Risk factors for depression during pregnancy and postpartum should be reviewed and include “prenatal depression, poor self-esteem, childcare stress, prenatal anxiety, life stress, decreased social support, single/unpartnered relationship status, history of depression, difficult infant temperament, maternity “blues,” lower socioeconomic status, and unintended pregnancy.” Older adults also can present a number of risk factors for depression including “disability and poor health status related to medical illness–complicated grief, chronic sleep disturbance, loneliness, and a personal history of depression. However, the presence or absence of risk factors alone cannot distinguish patients with depression from patients without depression.”

The Task Force recommend measurement-based screening tools such as
the “Patient Health Questionnaire (PHQ), Hospital Anxiety and Depression Scales in adults, the Geriatric Depression Scale in older adults, and the Edinburgh Postnatal Depression Scale (EPDS) in postpartum and pregnant women. “All positive screening tests should trigger additional assessment that considers severity of depression and comorbid psychological problems (e.g., anxiety, panic attacks, or substance abuse), alternate diagnoses, and medical conditions.”

Treatments for depression include antidepressant medications, psychotherapy or both, according to the recommendation.

U.S. Preventive Services Task Force on Depression in Adults in Primary Care

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National Academy of Medicine Establishes Standards for Psychosocial Treatments

A new reppsychosocialreptort by the National Academy of Medicine, titled, “Psychosocial Interventions for Mental and Substance Use Disorders: A Framework for Establishing Evidence-Based Standards” highlights the need to strengthen evidence on the effectiveness of psychosocial interventions, and to develop guidelines and quality measures for implementing these interventions in professional practice.

Two important pieces of legislation aim to improve the delivery of and access to treatments for mental health and substance use disorders, the Mental Health Parity and Addiction Act, and the Affordable Care Act (ACA). These two important pieces of legislation set the stage for establishing standards for psychosocial treatment.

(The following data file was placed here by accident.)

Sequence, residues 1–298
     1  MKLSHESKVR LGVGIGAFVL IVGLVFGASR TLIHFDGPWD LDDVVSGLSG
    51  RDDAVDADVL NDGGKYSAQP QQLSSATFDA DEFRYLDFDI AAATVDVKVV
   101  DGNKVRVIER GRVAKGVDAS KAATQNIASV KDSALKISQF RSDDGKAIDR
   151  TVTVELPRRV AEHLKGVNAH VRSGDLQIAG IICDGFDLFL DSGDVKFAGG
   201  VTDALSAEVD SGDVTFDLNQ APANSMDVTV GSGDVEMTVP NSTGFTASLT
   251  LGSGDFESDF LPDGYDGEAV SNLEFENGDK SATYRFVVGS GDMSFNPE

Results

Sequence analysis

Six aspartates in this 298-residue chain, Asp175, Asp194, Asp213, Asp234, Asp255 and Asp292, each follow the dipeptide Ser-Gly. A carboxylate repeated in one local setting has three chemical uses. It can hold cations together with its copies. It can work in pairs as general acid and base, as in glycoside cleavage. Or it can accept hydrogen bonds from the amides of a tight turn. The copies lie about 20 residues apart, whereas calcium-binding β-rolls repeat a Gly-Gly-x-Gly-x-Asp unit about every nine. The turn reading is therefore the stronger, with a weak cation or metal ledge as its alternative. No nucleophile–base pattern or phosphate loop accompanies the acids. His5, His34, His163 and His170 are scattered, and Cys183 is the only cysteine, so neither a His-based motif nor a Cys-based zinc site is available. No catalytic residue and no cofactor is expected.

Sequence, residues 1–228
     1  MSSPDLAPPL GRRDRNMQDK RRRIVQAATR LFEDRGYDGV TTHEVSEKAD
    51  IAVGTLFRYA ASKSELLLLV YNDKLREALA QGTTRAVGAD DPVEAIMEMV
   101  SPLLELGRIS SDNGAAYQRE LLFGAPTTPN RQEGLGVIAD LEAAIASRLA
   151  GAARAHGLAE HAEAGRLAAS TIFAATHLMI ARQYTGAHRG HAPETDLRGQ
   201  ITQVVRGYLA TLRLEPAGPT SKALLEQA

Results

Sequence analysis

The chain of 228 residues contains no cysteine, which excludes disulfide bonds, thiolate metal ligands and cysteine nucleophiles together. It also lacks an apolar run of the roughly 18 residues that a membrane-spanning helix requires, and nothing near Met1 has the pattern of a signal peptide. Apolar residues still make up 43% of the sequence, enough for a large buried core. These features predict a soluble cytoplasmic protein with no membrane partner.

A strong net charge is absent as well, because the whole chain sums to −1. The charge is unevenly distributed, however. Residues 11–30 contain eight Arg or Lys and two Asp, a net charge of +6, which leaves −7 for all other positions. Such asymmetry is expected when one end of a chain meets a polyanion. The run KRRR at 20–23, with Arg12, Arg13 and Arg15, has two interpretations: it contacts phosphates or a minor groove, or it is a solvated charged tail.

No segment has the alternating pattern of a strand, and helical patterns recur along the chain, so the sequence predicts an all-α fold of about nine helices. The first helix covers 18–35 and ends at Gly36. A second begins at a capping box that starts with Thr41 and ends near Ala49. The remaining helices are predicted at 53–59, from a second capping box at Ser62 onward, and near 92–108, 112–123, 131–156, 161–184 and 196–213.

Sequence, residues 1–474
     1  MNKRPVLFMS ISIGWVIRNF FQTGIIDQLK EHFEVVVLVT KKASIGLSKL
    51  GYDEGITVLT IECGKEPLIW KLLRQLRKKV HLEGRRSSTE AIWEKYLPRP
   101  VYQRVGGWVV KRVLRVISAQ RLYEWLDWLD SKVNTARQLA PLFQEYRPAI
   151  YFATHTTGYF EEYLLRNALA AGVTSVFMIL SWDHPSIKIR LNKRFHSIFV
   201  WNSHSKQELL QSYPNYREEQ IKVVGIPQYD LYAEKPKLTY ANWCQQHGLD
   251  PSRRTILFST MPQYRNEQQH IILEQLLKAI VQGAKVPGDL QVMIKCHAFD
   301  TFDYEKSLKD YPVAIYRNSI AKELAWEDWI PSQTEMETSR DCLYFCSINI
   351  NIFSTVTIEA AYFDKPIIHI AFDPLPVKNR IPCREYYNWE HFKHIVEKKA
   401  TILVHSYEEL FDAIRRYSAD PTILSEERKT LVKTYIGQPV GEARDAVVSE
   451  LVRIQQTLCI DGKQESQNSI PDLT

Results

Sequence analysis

Approximately 20% of the U.S. population, are affected by mental health and substance use disorders and frequently occur together. The comorbidity of these disorders with physical disorders is also common. Psychosocial interventions for mental and substance use disorders include psychotherapies, community-based treatments, vocational rehabilitation, peer support services, and integrated care interventions. The treatment modalities include: individual, group and virtual settings, and may be administered as stand-alone treatments or combined with other interventions such as medications.

NAM-framework The NAM report proposes an iterative process that engages consumers at every step. The framework highlights the need to: (1) support research to strengthen the evidence base on the efficacy and effectiveness of psychosocial interventions; (2) identify the key elements that lead to improved health outcomes; (3) conduct systematic reviews to inform clinical guidelines that incorporate these key elements; (4) develop quality measures of the structures, process, and outcomes of interventions; and (5) establish methods for successfully implementing, sustaining, and improving psychosocial interventions in regular practice

Source:  Institute of Medicine

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Atypical Antipsychotic Shows Promise for New MDD Subtype

New to the diagnosis of major depressive disorder as of DSM-5 is the specifier “with mixed features.” According to DSM-5, “specifiers provide an opportunity to define a more homogeneous subgrouping of individuals with the disorder who share certain features (e.g., major depressive disorder, with mixed features) and to convey information that is relevant to the management of the individual’s disorder.”

A study presented at the American Society of Clinical Psychopharmacology (ASCP) 2015 Annual Meeting, demonstrated that patients with MDD presenting with mixed (subthreshold hypomanic) features showed significantly greater improvement when treated with lurasidone vs placebo, as evidenced by scores on the Montgomery-Åsberg Depression Rating Scale (MADRS) and the Clinical Global Impression–Severity (CGI-S) scale. This is the first randomized placebo-controlled, prospective study to evaluate this group of patients (n=109) who present with subthreshold manic or hypomanic features or irritability during a depressive episode and do not meet the criteria for bipolar disorder. It is estimated that 20% to 40% of patients with MDD may have mixed features.

The 6-week study presented by Trisha Suppes, MD, PhD, Department of Psychiatry and Behavioral Sciences, Stanford University School of Medicine, excluded any patients with a history of manic episodes or any mixed manic episodes. Treatment with lurasidone was demonstrated with significantly greater improvement compared with placebo from week 2 through 6 on both the depression and severity scales.

Medscape Medical News